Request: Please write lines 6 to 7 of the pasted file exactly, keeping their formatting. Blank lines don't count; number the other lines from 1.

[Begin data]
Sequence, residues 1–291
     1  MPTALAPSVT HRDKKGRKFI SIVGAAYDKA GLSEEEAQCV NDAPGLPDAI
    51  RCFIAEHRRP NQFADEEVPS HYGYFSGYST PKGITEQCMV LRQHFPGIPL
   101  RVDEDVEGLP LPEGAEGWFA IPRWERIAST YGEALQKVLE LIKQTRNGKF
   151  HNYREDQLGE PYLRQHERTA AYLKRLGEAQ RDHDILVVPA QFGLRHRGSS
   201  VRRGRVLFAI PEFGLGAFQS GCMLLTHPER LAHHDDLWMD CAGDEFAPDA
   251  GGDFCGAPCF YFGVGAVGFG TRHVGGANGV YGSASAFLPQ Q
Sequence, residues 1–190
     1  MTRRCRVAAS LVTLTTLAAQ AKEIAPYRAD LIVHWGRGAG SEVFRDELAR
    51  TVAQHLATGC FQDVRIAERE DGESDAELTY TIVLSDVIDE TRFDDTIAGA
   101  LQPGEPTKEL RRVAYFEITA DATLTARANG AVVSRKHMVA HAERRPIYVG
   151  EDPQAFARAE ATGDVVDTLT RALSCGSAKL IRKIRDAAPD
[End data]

   201  VRRGRVLFAI PEFGLGAFQS GCMLLTHPER LAHHDDLWMD CAGDEFAPDA
   251  GGDFCGAPCF YFGVGAVGFG TRHVGGANGV YGSASAFLPQ Q